5 Warning Signs of a Bad Real Estate Deal
One of the most valuable services that I can provide to you is guidance to you can avoid making a mistake. With experience comes the ability to spot trouble.
And I prefer to let you know at the first sign of trouble, no matter how small it may be. Because it’s best to address it before you get emotionally or financially tied to a property.
So, if I go into devil’s advocate mode, don’t be confused. I am not trying to talk you out of a decision. I only want to make sure you fully understand the situation.
And the potential consequences.
As your agent, it’s our job to read the writing on the wall that can potentially lead to a bad deal. Red flags that make you take a step back to double check your work and think twice about the decision at hand.
I thought it would be a good idea to share the most common warning signs with you because I truly believe that informed clients make better decisions.
Here are five early warning signs of a potentially bad deal
- A price that is well below the market. For a seasoned investor, this may be a good sign. However, a typical, first-time homebuyer is not looking for a major renovation project. Price is the one thing that you can change to overcome any objection to purchasing the home. So, it is highly recommended that you take a look at every potential reason why the home is priced that way. Some of the issues may be obvious, but not all of them will be.
- The seller or agent avoids answering questions where they should have an answer. This is not always a sign of trouble. For example, most listing agents do not have a history of what happened in the past with foreclosed homes. However, any time an owner-occupant won’t answer a relevant question, it should get your attention.
- Homes that have been on the market significantly longer than average. Once again, this does not guarantee a problem. If the home is priced well above the going rate for the area, it’s not likely going to sell quickly. However, if you can’t figure out why it’s been sitting, I recommend that you talk to other agents who live nearby. They have likely shown the home in the past and understand the issues at hand.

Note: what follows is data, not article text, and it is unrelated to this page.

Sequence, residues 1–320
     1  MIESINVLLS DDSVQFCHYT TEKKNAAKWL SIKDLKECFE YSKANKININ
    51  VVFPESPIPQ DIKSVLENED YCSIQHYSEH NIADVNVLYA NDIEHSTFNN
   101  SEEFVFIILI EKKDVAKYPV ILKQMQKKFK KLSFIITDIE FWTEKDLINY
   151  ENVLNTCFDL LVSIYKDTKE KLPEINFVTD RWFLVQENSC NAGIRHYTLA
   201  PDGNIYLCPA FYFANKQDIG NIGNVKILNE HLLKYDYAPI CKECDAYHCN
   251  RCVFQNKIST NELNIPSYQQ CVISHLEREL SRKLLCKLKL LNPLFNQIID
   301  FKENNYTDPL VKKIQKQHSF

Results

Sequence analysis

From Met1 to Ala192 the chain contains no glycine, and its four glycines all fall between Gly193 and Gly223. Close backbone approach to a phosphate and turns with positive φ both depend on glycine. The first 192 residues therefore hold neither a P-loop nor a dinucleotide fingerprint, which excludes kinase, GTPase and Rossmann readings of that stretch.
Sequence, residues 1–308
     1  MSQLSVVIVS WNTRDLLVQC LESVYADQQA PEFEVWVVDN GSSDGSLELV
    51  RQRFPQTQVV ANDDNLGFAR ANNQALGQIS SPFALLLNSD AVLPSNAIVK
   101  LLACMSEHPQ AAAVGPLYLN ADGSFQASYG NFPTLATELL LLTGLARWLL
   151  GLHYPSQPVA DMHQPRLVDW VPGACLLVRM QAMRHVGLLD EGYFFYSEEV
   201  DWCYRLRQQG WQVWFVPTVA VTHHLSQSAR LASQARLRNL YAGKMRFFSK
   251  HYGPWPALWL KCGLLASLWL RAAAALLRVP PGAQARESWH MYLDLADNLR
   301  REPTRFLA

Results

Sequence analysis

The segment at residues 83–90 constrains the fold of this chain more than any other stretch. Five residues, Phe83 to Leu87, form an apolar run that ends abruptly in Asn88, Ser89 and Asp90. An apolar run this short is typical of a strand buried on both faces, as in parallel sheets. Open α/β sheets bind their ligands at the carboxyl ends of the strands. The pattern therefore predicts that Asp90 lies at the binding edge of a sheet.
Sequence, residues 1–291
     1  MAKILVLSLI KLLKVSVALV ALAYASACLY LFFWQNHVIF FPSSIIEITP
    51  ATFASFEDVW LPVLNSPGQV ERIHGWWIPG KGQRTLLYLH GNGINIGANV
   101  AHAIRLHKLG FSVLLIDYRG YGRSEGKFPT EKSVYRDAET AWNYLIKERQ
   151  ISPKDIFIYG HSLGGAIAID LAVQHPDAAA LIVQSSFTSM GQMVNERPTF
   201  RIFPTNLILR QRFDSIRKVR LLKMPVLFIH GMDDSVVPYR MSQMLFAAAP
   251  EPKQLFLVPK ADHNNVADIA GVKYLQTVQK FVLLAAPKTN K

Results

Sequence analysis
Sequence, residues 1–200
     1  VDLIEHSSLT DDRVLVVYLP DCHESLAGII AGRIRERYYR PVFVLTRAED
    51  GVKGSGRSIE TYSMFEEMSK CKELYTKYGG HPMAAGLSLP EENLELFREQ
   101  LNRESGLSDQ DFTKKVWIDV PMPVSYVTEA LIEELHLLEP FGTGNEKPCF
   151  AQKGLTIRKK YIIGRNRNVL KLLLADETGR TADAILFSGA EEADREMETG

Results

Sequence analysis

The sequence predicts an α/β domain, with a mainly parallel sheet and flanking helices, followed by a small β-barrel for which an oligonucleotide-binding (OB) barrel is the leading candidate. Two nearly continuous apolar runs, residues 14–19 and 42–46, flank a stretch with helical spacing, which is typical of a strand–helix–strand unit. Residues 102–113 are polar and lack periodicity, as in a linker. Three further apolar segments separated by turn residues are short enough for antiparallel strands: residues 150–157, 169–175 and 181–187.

- Homes with an unusual ownership history. You can see the sales history in the county tax records or have your agent provide a copy for you. If you see the home turning over frequently and it is out of character for the neighborhood. Or, there are multiple quit claims and foreclosure sales. These signs indicate that more investigation into the home is warranted to determine why it happened.
- When the seller or agent tries to conceal anything. For example, they won't let you see in part of the home until it is under contract, they offer an incentive to waive your right to an inspection, or they fail to provide the required disclosures in a timely manner.
These signs are not proof of problems. However, they should get you to set aside those rose-colored glasses and pull out your magnifier to take a closer look.
What red flags have you seen in the past? Hit reply and let me know!